Cloud computing is now mainstream, with 90% of enterprises planning to maintain or boost spending on it this year, nearly six times the growth rate of enterprise IT spending as a whole.
The emergence of cloud computing represents a significant shift in the way enterprise IT develops, operates, and supports applications, because it is essentially an application-centric operations model. While developing cloud applications is still a relatively new IT priority, enterprises are already reaping the benefits, such as cost savings and increased agility. In addition to requiring developers to rethink how they program, test, and deploy applications, cloud application development is spurring new processes like DevOps and continuous development, which break down IT silos and accelerate the delivery of new applications. Hybrid architectures are expected to continue to dominate enterprise strategies, creating both opportunities as well as challenges.
Although cloud services have been a major battleground for years, the advent of microservices and container platforms has emerged as a competitive differentiator. Containerization of workloads is gaining wide acceptance, helping developer efficiency by reducing overhead associated with virtual machines, It seems that microservices crept out of nowhere and were suddenly everywhere. Opensource and mobile are also increasingly growing in importance in cloud computing environments.
The people outside the world of IT may not know that there are multiple types of cloud, while there isn’t a specific industry or workload that universally makes sense for each type of cloud, there are certain considerations enterprises should take into account when deciding upon the right fit: for example, does the company frequently handle sensitive customer information online? do they have a highly secretive recipe or patented design that needs to be protected? In these cases, public solutions may be a riskier choice.
The public cloud
In a nutshell, it is generally the most well-known and straightforward type of cloud computing. Public providers typically offer convenience — it’s easy for enterprises and developers to set up, use and access the public cloud. Additionally, scalability is often a driving factor for businesses utilizing the public cloud. However, this type of cloud is not without risks.
Here’s a brief breakdown of some of the main characteristics of the public cloud:
- Easy to use: Some developers may favor the public cloud (at least in the U.S.) due to its ease of access. Generally, the public cloud operates at a pretty fast speed, which is also alluring to some enterprises.
- Typically a pay-per-use model (cost-effective): Often, public clouds operate on an elastic pay-as-you-go model, so users only need to pay for what they use — some versions of public cloud are even free but price increases when larger workloads are migrated to the cloud.
- Operated by a third party: The public cloud isn’t specific to a single business, person or enterprise; it is constructed with shared resources and operated by third-party providers.
- Flexible: Public clouds allow users to easily add or drop capacity, and are typically accessible from any Internet-connected device — users don’t need to jump through many hurdles in order to access.
- Can be unreliable: Public cloud outages have made headlines in recent weeks, leading to headaches for users.
- Less secure: Particularly outside of the U.S. where data sovereignty comes into play (where your data is stored and who may have access to it), the public cloud often has a lower level of security and may be more susceptible to hacks. Some public cloud providers also reserve the right to shift data around from one region to another without notifying the user -– which may cause issues, legal and otherwise, for a company with strict data security policies.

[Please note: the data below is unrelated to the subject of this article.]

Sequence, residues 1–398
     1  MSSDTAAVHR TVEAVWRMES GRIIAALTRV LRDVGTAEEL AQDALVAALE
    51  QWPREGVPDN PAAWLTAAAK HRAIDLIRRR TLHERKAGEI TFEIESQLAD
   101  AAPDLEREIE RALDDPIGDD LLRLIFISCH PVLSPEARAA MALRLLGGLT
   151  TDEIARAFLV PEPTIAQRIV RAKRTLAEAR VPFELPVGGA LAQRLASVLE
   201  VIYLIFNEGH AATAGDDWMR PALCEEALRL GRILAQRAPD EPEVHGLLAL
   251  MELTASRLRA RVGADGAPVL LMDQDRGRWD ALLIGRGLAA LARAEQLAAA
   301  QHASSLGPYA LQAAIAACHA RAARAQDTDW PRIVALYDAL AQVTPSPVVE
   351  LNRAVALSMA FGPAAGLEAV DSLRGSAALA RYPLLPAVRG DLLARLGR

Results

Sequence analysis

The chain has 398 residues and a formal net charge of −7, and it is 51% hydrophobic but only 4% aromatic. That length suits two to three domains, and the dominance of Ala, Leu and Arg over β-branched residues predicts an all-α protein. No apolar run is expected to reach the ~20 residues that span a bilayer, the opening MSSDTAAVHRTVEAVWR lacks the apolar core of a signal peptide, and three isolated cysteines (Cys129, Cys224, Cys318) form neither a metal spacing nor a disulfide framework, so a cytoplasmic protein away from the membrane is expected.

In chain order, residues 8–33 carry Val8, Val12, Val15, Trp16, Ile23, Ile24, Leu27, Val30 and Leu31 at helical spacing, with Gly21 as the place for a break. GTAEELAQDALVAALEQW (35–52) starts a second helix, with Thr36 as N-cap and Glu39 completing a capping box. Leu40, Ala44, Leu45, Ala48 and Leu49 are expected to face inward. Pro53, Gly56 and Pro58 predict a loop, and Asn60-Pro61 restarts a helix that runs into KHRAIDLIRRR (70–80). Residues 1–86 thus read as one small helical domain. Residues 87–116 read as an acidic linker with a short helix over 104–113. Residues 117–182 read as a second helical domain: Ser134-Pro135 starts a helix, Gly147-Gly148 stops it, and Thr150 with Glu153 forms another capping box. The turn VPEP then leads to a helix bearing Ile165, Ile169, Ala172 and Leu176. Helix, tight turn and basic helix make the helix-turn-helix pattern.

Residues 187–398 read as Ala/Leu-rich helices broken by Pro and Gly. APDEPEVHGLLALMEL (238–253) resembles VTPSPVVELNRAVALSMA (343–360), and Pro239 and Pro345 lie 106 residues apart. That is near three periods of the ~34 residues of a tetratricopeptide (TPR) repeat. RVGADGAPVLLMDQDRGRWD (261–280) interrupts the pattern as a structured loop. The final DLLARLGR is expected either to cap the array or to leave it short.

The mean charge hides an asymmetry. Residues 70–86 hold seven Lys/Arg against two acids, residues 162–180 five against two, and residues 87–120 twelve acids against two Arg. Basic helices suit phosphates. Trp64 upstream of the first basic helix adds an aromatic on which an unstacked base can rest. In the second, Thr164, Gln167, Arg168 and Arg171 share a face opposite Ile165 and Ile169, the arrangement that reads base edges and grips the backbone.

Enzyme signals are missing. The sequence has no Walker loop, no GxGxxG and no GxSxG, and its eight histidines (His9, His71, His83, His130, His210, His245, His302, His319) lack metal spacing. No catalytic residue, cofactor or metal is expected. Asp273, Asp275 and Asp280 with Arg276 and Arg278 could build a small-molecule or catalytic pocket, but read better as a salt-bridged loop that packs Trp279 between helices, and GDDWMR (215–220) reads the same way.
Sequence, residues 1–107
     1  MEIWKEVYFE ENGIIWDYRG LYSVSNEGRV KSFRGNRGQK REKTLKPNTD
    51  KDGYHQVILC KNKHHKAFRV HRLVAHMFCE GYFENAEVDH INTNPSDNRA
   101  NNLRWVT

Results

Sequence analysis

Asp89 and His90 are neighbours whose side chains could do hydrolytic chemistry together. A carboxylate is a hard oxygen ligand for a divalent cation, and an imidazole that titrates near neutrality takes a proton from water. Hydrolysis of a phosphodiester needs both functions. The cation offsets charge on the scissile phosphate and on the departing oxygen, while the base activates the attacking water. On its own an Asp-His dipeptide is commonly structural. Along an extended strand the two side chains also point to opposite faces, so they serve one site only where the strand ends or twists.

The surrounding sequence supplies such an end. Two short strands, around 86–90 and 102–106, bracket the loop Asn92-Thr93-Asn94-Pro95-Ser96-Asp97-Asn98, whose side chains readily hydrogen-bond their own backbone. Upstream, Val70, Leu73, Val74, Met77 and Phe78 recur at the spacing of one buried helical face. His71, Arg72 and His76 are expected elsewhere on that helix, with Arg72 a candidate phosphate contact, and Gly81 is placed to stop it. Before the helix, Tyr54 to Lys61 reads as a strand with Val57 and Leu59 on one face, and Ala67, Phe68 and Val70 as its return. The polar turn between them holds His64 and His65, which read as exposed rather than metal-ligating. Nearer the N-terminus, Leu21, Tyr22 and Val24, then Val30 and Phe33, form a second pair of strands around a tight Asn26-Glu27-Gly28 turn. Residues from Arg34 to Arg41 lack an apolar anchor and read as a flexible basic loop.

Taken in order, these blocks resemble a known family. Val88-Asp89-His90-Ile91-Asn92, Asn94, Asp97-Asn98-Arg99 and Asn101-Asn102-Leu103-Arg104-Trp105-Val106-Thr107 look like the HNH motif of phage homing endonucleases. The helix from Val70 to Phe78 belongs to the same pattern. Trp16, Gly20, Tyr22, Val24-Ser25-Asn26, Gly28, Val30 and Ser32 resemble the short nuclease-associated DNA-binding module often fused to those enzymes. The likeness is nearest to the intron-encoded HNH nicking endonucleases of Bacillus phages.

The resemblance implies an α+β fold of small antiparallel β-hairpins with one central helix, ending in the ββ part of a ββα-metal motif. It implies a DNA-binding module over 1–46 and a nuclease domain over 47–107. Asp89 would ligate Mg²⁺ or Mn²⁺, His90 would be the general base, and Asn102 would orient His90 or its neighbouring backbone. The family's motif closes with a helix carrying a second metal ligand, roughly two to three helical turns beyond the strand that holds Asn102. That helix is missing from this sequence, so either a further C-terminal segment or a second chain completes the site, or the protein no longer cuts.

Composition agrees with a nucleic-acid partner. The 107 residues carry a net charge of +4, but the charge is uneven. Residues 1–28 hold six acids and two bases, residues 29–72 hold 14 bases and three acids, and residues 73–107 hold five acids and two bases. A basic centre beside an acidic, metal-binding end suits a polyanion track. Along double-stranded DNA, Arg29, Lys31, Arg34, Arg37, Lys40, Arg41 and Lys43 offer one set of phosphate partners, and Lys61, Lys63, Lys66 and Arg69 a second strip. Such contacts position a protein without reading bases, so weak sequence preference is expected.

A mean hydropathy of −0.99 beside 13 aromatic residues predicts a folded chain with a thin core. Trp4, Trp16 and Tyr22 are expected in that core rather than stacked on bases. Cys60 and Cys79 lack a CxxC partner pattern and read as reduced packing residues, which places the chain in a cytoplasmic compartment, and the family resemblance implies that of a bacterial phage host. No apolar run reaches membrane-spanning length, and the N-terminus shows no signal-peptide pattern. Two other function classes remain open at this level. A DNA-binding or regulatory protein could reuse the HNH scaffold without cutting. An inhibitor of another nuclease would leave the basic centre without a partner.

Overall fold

The private cloud
For businesses concerned about knowing exactly where their data is stored and having complete control over it — and who, ultimately, has access — the private cloud provides a higher degree of peace of mind. Additionally, private clouds may be the best option for companies that must jump through a lot of regulatory hurdles or handle sensitive data, or for companies concerned over their own intellectual property being hosted on the public cloud.
Managed private clouds are one specific form of this type of cloud computing: This service refers to clouds that, though specific to an individual business, receive some assistance (such as operating service monitoring and patching) from a third party. This allows for a company to select the custom model that fits its needs while leveraging secure third-party help for maintenance.
Here are the main features of private cloud computing:
- Organization-specific: Private clouds are developed specifically for one organization or enterprise; unlike the public cloud, they aren’t shared among many users.
- More control and reliability: Private cloud services and infrastructure are maintained onsite, or in a privately hosted environment such as a third-party data center. This gives an enterprise the utmost control over access — IT can know where information is deployed and can keep an eye on the boundaries that surround that data. Additionally, managed private clouds allow for strong service level agreements, which can increase reliability.
- Customizable: IT can customize storage and networking components so that the cloud is a perfect fit for the specific organization and its needs.
- More costly (arguably): Proponents of public cloud computing often tout its cost-effectiveness as one of the primary advantages. While private approach may rack up costs due to increased management responsibilities and smaller economies of scale, it’s worth weighing the risks/costs of security.